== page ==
Zen and Web 2.0

Posted: January 26, 2011 by Alex Curtis in #2 Zen and Web 2.0

I tend to favour myself a bit of a romantic. I have always begrudgingly rejected advancements in technology because it seems that with every “progression”, there is a greater disconnect between real people. Though, I am reluctant to admit it, I very much enjoyed Pirsig’s marriage of romanticism and rationality, especially in suggesting that by showing “care” for a machine, we can actually develop a relationship with it.

In the context of internet based journalism, I think Pirsig might make one of two arguments: First, he might suggest that because the internet is so “broad” that things like web journalism can easily lose their depth, something that I agree is true. It seems that internet articles appeal to a crowd with a shorter attention span, and are written faster so as to keep up with other online sources that are constantly breaking news. In this way, Pirsig might liken the new era of print journalists to the mechanics in a shop who despite being “professional” mechanics, rush through their work and take little pride in what they do.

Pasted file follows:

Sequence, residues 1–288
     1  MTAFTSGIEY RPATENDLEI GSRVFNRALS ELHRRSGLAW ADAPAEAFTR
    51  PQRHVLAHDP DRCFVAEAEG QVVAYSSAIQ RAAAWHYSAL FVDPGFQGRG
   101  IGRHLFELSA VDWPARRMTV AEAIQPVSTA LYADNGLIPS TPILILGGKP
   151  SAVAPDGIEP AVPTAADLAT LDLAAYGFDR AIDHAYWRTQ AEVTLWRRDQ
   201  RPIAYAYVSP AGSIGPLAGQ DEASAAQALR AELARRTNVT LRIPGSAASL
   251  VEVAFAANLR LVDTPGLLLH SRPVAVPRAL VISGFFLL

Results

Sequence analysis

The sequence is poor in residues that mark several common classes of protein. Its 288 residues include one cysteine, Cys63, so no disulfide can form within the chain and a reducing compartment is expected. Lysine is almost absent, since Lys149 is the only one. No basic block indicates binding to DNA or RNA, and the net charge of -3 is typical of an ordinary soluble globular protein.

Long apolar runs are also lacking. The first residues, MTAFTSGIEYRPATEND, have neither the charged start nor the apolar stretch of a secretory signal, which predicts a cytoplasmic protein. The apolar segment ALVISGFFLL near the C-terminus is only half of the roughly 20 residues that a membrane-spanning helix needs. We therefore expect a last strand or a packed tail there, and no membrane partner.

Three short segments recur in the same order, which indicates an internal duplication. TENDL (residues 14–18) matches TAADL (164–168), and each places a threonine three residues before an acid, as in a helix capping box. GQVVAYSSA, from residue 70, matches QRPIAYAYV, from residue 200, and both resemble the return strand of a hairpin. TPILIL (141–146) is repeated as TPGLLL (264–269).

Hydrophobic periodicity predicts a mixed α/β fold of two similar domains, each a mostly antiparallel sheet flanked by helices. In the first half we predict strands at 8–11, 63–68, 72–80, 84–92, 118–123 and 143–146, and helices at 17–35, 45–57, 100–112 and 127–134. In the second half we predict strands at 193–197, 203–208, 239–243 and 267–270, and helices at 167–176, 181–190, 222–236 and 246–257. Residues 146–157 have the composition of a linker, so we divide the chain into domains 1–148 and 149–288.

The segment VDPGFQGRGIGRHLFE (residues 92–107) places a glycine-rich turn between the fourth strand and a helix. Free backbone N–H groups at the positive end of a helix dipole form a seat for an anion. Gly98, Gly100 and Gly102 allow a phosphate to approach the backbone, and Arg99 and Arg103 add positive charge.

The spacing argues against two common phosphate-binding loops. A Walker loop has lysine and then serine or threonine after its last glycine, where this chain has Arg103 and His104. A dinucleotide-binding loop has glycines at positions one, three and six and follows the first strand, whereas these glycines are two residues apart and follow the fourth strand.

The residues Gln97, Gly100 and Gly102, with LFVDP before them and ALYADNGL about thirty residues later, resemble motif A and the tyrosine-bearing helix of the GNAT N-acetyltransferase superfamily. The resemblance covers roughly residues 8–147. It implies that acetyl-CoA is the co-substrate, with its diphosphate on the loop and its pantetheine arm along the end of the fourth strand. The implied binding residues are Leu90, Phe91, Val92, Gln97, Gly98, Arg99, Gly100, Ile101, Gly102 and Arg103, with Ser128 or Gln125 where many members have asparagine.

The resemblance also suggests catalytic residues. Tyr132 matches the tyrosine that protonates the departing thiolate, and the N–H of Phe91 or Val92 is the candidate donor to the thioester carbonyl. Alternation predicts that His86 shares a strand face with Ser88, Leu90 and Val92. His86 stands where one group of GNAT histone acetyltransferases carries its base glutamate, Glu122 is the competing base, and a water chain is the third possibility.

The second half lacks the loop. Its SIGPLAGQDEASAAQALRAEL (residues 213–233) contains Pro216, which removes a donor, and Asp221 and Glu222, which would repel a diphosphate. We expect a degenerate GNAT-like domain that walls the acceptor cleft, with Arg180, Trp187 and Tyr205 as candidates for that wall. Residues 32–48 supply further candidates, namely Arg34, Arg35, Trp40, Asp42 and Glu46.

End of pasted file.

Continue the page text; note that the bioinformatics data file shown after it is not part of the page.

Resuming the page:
Second, he might suggest that with the advent of technology such as blogs, where anyone can participate in creating meaningful works and publishing them (especially as someone whose book was rejected by 121 publishers) that we are able to fully develop caring relationships with technology. Taking time and pride in what we do online.


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